If this podcast raises any issues for you, support is available from the following services:


Pride in Defence: The Australian Military and LGBTI Service since 1945External Link (2020), Melbourne University Press and Serving in Silence? Australian LGBT servicemen and womenExternal Link (2018), New South Books.

Curator Kate Spinks’ article , ‘Experiences of LGBTQI+ Personnel’External Link

The Shrine’s Media Release: “40th anniversary wreath-laying marks different era for LGBTIQ service veterans and personnel on ANZAC Day”External Link

Noah Riseman’s essays on LGBTI service for The Conversation, hereExternal Link and here External Link

Shirlene Robinson’s essay on LGBTI service for The Conversation here External Link

Ben Winsor’s ‘The Secret History of Gay Diggers’ essay for SBS hereExternal Link


Victorian Pride CentreExternal Link

Episode duration:



This podcast contains adult themes, mild coarse language and sexual references that may not be suitable for younger ears. It also contains references to suicide, which some listeners may find distressing. If you need support, you can always call Lifeline on 13 11 14. The opinions expressed in this podcast are those of individual contributors and do not necessarily reflect the views of the Shrine of Remembrance. Hello, I'm Megan Spencer and this is part two of Defending with Pride, the Power of the Wreath, a podcast for the Shrine of Remembrance. And if you've missed part one, I really encourage you to listen. You can catch up on part one anytime on the Shrine website or on your favourite podcast platform.

NOAH RISEMAN: So can you tell me a bit about how that group came about your role and what happened?

MAX CAMPBELL: GESA was dreamed up amongst only about five people. We all suddenly realised that each of us had been in the services. And I was the only one who actually got a clean discharge. All the others were kicked out. There were various stories of how it was done, but basically there was the witch hunters, you mentioned before that they were found out and they were kicked (out).

That's the voice of the late Max Campbell talking there with Noah Riseman.

I just sort of said what fairly innocently 'Why don't we sort of form some sort of group or association or something?'

In 2015, Noah did a comprehensive interview with Max about his life and military service in what would be the final years of Max's life. He passed away in 2018 just shy of his 75th birthday.

Yeah, a little bit political in that we'd maybe do a wreath on Anzac Day, but be prepared to be interviewed and that if someone asked.

Joining in his late teens, Max Campbell served in the Royal Australian Air Force between 1961 and 1981. Rising to the rank of Warrant Officer over his 20-year career, he served at various posts around Australia, including Laverton and Point Cook. He also served during the Vietnam War in the late 60s for a year stationed at Phan Rang with number two squadron.

So we sort of left it at that by saying, 'Okay, we'll gather as a group, and how about' - and I don't know if it was me or someone else - 'but how about G-E-S-A?' and everyone said 'What?' 'Gay Ex-Services Association'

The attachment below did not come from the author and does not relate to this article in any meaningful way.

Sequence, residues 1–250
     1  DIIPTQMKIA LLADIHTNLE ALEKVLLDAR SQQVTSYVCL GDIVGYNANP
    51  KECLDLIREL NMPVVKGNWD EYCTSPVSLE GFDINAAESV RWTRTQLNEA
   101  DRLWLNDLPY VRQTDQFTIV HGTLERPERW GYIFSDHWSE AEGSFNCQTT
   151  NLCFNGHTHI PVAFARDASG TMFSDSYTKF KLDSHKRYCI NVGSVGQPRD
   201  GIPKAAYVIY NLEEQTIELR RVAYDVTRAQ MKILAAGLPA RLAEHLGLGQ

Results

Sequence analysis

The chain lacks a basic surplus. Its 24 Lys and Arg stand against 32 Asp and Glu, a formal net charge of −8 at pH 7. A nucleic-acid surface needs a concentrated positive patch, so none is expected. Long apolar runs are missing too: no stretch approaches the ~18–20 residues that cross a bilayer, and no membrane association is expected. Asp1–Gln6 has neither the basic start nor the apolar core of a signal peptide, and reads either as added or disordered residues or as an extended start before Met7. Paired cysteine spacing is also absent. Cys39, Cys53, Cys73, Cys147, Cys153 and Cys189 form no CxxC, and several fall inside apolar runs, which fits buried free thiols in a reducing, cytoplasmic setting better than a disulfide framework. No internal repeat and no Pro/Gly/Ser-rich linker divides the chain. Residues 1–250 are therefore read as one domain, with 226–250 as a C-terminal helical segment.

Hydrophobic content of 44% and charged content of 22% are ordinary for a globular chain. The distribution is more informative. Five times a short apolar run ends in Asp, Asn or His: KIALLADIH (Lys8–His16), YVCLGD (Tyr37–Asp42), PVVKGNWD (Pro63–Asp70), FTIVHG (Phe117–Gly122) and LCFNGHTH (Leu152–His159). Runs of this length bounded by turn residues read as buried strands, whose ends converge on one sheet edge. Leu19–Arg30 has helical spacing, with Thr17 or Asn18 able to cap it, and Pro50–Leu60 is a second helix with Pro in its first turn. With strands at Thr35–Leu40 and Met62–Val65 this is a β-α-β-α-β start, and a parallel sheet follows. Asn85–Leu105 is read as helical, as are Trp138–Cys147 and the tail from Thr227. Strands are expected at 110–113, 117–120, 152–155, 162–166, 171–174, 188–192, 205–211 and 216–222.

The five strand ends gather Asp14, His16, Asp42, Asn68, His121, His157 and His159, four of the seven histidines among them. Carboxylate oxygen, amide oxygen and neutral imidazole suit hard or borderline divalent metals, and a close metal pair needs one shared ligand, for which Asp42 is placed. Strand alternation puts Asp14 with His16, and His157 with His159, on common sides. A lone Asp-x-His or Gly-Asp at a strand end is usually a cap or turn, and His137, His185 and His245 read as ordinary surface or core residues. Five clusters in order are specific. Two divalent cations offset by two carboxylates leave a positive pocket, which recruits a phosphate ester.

Max Campbell was a founder of GESA, and it was his idea to lay the wreath at the Shrine of Remembrance in 1982. And not only that, he went back to try and lay the wreaths again in 1983 and 1984. Here's Noah Riseman again to share more of Max's remarkable story.

Sure, I first met Max in 2015. And I was put on to him by Nick Henderson from the Australian Queer Archives. When he knew I was doing this project, he said 'You have to speak to Max Campbell because Max Campbell was a member of GESA, which was the Gay Ex-Services Association'. And I had the pleasure of interviewing Max and getting to know Max in the final years of his life. He served in the Air Force for 20 years, Max was an education officer. So his role was very much in some senses, the librarian, where he was doing a lot of the work providing education materials, especially to officers, but also to noncommissioned officers and others. Now, through most of his career in the Air Force, Max was closeted. So in that sense, Max didn't run afoul of any of the policies because he didn't even know he was gay. And that was it was really at the very end of his career. And then he discharged. And after he discharged, Max did become involved in the gay community here in Melbourne. Max worked as the doorman at Mandate which was one of the gay nightclubs here in Melbourne. But he was very quiet like he, you know, you met Max, he was the most quiet reserved man and so it's in some ways, I found it funny to know he was this person that everyone knew. Anyway, Max had quite a few mates who all coincidentally, were also ex service people. At the very, very end of 1981, there were reports in the tabloid press in Truth about five members of the Air Force who had been caught for being gay and who are being dismissed. Then, in early '82, there were reports that the government was about to pass new legislation which did become the Defence Force Discipline Act, which was going to, I suppose, streamline and overhaul the military justice system. And there were some reports in the press that they might also allow gay and lesbian people to serve. Very quickly, the Victorian president of the RSL, Bruce Ruxton, came out and absolutely condemned this. Bruce Ruxton, for those who don't know, was an ultra-conservative person, very outspoken. And it turned out that the government wasn't planning on lifting the ban, so the ban did go on. But when this happened, Max and their mates were really upset by this. And they got together one night in the pub, and they decided to form a group and they called themselves the Gay Ex-Services Association.